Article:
Friday, February 28, 2014

Leilani’s Original Almond Dipping Sauce Recipe

This is a bonus recipe that accompanies my Goi Cuon recipe.

Leilani’s Almond Dipping Sauce

Makes almost 2 cups of sauce

This is my very own recipe that I've been using for over 10 years!  It's based on my mom's peanut dipping sauce which consists of chunky peanut butter, hoison sauce, lime, garlic, chile & water.  My secret ingredient is swapping almond butter instead of peanut butter.  This is inspired by my mom's use of slivered garlicky almonds or crushed macadamias (really whatever she has on hand) as a garnish on lots of different dishes that call for crushed peanuts.  Also I eliminate the hoison sauce which is really just wheat, starch/thickener, color/caramel, and MSG, and instead use molasses instead which is a nutrient-rich sweetener.  If you cannot tolerate any cane sugar, try using organic dried mission figs or dates and use an immersion blender or food processor to mix it.  The measurements are rough estimates of what you will need. Adjust according to your taste.


  • 3 cloves garlic, minced
  • 3-6 dried organic unsulfured apricots or prunes or 3 tbs fruit syrup*
  • 1 c. crunchy or creamy almond butter
  • 2-3 teaspoons chili garlic sauce or fresh diced chilies to taste
  • juice from ½ lime
  • 1 ounce sliced or minced almonds
  • fresh coconut juice (or water)

In a small bowl, mix molasses 6 tablespoons almond butter, chili, lime and garlic. And water until the consistency resembles yogurt. Stir until almond butter is dissolved. Add additional almond butter and water until desired thickness is obtained. Adjust seasonings to taste. Garnish sauce with chopped almonds.

We eat this with our spring rolls and with noodles.

*3/1/2014 This is a substitute for hoison sauce.  I've recently watched Dr. Robert Lustig's TED talk where he lists the 56 names of sugar.  Blackstrap molasses was listed so I am now removing that from my recipe and in considering the sugar content of fruit, I've also removed dried figs and dates as alternatives.

Try my new recipe for making almond sauce:

Leilani’s Rustic Almond Dipping Sauce

Ăn Ngon Lành|Eat Delectably!

Saturday, February 22, 2014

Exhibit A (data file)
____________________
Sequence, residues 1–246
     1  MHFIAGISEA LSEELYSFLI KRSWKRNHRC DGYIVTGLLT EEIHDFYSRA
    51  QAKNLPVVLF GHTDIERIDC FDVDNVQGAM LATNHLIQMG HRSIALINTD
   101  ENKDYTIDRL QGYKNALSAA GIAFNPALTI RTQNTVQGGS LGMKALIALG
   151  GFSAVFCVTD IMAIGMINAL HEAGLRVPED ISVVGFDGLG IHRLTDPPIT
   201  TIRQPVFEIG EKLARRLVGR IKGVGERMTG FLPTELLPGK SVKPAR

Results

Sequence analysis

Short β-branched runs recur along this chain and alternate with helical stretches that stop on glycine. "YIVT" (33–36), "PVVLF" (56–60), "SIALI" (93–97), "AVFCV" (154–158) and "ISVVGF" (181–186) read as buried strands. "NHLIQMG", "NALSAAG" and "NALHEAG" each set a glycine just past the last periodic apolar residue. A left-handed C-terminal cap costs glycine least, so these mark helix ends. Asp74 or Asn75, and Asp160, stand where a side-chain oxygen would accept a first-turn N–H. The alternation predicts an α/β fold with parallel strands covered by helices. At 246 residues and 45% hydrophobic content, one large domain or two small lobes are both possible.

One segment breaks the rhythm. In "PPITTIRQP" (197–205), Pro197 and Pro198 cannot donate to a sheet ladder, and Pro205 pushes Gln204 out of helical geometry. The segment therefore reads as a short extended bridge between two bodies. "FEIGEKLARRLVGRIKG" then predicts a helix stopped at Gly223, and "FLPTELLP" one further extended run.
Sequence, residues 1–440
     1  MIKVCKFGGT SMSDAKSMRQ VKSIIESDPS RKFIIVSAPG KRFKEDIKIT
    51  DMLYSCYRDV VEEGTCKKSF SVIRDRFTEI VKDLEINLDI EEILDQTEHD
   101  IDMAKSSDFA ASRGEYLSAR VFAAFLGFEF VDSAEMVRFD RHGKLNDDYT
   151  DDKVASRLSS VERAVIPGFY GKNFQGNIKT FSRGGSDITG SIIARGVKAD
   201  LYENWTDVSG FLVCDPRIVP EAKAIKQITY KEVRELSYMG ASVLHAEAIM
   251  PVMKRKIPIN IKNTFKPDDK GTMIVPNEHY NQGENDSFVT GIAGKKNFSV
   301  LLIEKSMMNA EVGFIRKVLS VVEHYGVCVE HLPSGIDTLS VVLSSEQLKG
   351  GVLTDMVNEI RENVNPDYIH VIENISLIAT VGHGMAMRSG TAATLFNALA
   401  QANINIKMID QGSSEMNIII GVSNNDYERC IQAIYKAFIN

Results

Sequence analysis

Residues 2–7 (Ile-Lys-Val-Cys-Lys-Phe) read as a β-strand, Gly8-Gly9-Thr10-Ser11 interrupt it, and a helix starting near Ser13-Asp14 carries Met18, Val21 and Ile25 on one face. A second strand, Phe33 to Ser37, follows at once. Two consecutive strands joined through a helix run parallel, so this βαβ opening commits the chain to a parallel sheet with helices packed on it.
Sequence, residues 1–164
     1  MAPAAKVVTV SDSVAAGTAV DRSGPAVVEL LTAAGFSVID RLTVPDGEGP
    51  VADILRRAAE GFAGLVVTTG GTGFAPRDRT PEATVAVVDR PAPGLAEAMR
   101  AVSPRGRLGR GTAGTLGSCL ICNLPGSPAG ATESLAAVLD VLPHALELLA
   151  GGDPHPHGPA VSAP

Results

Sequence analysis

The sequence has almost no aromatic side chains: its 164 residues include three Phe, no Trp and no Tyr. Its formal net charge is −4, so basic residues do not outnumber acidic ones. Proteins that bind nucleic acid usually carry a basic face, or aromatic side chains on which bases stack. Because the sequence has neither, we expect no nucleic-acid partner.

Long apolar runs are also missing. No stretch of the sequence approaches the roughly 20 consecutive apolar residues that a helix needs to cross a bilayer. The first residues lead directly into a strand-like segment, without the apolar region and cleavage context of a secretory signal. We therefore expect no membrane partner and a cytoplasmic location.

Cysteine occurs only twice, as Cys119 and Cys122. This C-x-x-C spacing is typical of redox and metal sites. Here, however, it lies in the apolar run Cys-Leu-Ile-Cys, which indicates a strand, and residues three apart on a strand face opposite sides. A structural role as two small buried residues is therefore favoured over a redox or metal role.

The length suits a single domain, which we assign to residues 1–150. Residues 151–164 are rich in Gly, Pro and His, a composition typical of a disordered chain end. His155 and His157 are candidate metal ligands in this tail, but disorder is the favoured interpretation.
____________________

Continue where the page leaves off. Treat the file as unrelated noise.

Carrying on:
Aioli Remoulade Sauce

My amazing vintage Republic of VN platter shop find; it's older than I am!

Aioli Remoulade Sauce

Vietnam hugs the coastline and fresh seafood is omnipresent in the cuisine.  One of my favorite seafood meals of all time is steamed Dungeness crab.  Whenever I've had this eating out, I've been sorely disappointed by the frozen crabs; live crabs steamed at home is so much better, cheaper, and satisfactory.  Every Thanksgiving we eagerly await the opening of Dungesness crabbing season.  The traditional accompaniment for steamed crab is muối tiêu chanh | salt pepper lemon juice.  In my Phamily, we have the custom of eating crab with aioli remoulade.  I'm not sure how this remoulade became my Phamily's preferred condiment perhaps via our years in Hawai'i.  I rarely eat dairy from any species as both me and my daughter have a sensitivity/allergy (no, it's not lactose intolerance, it's not the protein that bothers us, it's probably the free glutamates).  One of the advantages of being in the Bay is access to quality, premium products.  So I do make occasional exceptions for butter especially when it's Spring Hill organic cultured grass-fed butter or Petaluma Creamery organic butter from nearby Marin County.


  • 1/4 cup of butter
  • 1/2 c mayonnaise
  • 1/2 lemon juiced or more
  • minced garlic
  • sea salt

Melt butter in a saucepan on low heat.  Add minced garlic and sauté until fragrant.  Add mayonnaise and blend.  Turn off heat and add lemon juice and sea salt to taste.

Don't worry if your garlic turns green while cooking; it's chemistry, not putrefaction.

Ăn Ngon Lành|Eat Delectably!